The Board may find that two or more entities are joint employers of a single work force if they are both employers within the meaning of the common law, and if they share or codetermine those matters governing the essential terms and conditions of employment. In evaluating the allocation and exercise of control in the workplace, we will consider the various ways in which joint employers may "share" control over terms and conditions of employment or "codetermine" them, as the Board and the courts have done in the past.

The NLRB reviewed the relationship between BFI and Leadpoint under the new standard and found that, although BFI rarely exercised authority over Leadpoint's employees, it "shared control over or codetermined" the terms and conditions of their employment. In particular, the NLRB noted the following:

  • Although BFI did not participate in Leadpoint's day-to-day hiring process, it retained the right to require that Leadpoint meet or exceed its own standard employee selection procedures and tests.
  • Although Leadpoint was solely responsible for disciplining its employees, BFI prompted discipline on two occasions.
  • Although Leadpoint was responsible for staffing shifts at the facility, BFI set the facility's operating hours and productivity standards.
  • Although Leadpoint established the pay rates for its employees, BFI placed a "cap" on such pay rates.
  • Although most communications to Leadpoint employees came from Leadpoint supervisors, Leadpoint supervisors acted only as middlemen for BFI.
  • Although Leadpoint issued its employees paychecks and maintained their payroll records, BFI had to sign off on Leadpoint employees' weekly timesheets and could refuse payment to Leadpoint for time claimed by a Leadpoint employee.

The NLRB majority did not specify which facts it found controlling or determinative in its analysis. Rather, it admittedly embraced a vague totality-of-the-circumstances approach, which the dissent described as "[we] will know it when [we] want[] to see it." Indeed, the majority acknowledged that its decision eliminates "certainty and predictability regarding the identity of the 'employer'" in favor of an "evolutionary process." Unless and until the NLRB clarifies its new joint employer standard, employers have only the specific facts in Browning-Ferris as their guidepost in analyzing whether they could face exposure as joint employers under the NLRA.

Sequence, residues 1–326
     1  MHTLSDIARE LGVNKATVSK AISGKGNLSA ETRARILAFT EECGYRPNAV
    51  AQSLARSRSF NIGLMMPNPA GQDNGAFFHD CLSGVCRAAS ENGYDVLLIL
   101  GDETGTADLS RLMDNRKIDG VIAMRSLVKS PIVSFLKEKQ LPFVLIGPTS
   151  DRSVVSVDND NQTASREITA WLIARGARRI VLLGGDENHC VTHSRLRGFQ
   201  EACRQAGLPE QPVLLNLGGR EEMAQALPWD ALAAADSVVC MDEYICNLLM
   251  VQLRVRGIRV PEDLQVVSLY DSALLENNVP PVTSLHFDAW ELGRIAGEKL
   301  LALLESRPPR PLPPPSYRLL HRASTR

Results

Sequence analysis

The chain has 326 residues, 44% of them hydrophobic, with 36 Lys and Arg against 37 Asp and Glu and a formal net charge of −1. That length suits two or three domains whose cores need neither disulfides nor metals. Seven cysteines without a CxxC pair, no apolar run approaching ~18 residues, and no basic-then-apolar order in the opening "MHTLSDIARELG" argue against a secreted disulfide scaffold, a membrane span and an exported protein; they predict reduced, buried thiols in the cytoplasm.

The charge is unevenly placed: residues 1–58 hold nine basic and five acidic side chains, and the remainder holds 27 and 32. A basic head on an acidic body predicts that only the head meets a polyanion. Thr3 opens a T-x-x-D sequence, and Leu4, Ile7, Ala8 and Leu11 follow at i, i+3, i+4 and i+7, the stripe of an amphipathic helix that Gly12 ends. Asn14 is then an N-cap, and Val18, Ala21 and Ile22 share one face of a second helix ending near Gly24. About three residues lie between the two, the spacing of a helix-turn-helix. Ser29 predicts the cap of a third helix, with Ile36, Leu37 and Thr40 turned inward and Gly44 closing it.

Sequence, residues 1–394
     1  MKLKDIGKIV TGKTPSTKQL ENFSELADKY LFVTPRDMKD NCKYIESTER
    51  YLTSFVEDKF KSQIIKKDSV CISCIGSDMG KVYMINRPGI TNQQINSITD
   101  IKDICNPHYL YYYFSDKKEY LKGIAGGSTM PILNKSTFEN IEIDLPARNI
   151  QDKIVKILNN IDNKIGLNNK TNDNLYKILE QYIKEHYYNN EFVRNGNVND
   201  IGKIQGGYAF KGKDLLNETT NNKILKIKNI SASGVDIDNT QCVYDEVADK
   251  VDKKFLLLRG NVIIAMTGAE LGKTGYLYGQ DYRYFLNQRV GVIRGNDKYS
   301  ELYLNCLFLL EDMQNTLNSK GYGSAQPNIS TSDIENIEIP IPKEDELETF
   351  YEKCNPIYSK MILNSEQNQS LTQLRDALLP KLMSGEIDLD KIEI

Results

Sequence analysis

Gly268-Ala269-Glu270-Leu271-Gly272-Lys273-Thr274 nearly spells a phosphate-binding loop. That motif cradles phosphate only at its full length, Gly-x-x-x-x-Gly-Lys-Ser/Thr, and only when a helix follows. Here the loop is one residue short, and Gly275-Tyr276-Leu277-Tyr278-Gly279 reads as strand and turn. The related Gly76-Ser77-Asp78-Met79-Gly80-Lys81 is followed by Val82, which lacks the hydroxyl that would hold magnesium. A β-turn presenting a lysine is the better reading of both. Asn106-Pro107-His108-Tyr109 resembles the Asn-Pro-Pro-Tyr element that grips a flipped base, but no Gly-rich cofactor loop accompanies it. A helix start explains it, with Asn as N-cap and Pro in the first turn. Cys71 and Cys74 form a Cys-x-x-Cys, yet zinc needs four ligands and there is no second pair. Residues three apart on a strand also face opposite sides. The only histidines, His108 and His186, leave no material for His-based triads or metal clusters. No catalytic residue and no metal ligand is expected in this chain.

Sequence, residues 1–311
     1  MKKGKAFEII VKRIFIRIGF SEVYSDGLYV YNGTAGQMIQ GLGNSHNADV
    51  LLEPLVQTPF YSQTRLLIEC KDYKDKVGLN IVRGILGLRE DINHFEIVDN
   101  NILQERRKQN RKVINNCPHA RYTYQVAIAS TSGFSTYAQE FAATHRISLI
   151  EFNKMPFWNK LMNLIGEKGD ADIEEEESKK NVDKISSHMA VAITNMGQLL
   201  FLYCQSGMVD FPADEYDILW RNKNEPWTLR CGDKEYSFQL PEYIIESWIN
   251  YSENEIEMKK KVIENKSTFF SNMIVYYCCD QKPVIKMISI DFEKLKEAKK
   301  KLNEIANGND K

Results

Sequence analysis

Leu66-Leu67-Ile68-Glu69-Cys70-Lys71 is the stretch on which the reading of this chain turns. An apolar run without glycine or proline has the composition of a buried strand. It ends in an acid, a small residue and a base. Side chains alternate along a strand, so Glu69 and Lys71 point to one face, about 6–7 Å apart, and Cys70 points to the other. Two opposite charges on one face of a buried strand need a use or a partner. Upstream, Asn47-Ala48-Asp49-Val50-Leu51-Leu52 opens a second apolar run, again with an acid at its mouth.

As noted in the blistering dissent and discussed in detail here, Browning-Ferris will have far-reaching consequences. The NLRB's decision 1) threatens traditional user-staffing agency, franchisor-franchisee, and parent-subsidiary relationships; 2) limits companies' ability to replace unionized contracts; 3) exposes more companies to secondary economic coercion (e.g., picketing); and 4) potentially leads to a variety of unstable bargaining relationships. Accordingly, companies (especially those that use staffing agencies and franchisors) should evaluate their contractual relationships to determine whether they may be joint employers under Browning-Ferris and continue to monitor developments from the NLRB closely.

The content of this article is intended to provide a general guide to the subject matter. Specialist advice should be sought about your specific circumstances.

To print this article, all you need is to be registered on Mondaq.com.

Click to Login as an existing user or Register so you can print this article.

Authors
Similar Articles
Relevancy Powered by MondaqAI
 
In association with
Related Topics
 
Similar Articles
Relevancy Powered by MondaqAI
Related Articles
 
Related Video
Up-coming Events Search
Tools
Print
Font Size:
Translation
Channels
Mondaq on Twitter
 
Register for Access and our Free Biweekly Alert for
This service is completely free. Access 250,000 archived articles from 100+ countries and get a personalised email twice a week covering developments (and yes, our lawyers like to think you’ve read our Disclaimer).
 
Email Address
Company Name
Password
Confirm Password
Position
Mondaq Topics -- Select your Interests
 Accounting
 Anti-trust
 Commercial
 Compliance
 Consumer
 Criminal
 Employment
 Energy
 Environment
 Family
 Finance
 Government
 Healthcare
 Immigration
 Insolvency
 Insurance
 International
 IP
 Law Performance
 Law Practice
 Litigation
 Media & IT
 Privacy
 Real Estate
 Strategy
 Tax
 Technology
 Transport
 Wealth Mgt
Regions
Africa
Asia
Asia Pacific
Australasia
Canada
Caribbean
Europe
European Union
Latin America
Middle East
U.K.
United States
Worldwide Updates
Registration (you must scroll down to set your data preferences)

Mondaq Ltd requires you to register and provide information that personally identifies you, including your content preferences, for three primary purposes (full details of Mondaq’s use of your personal data can be found in our Privacy and Cookies Notice):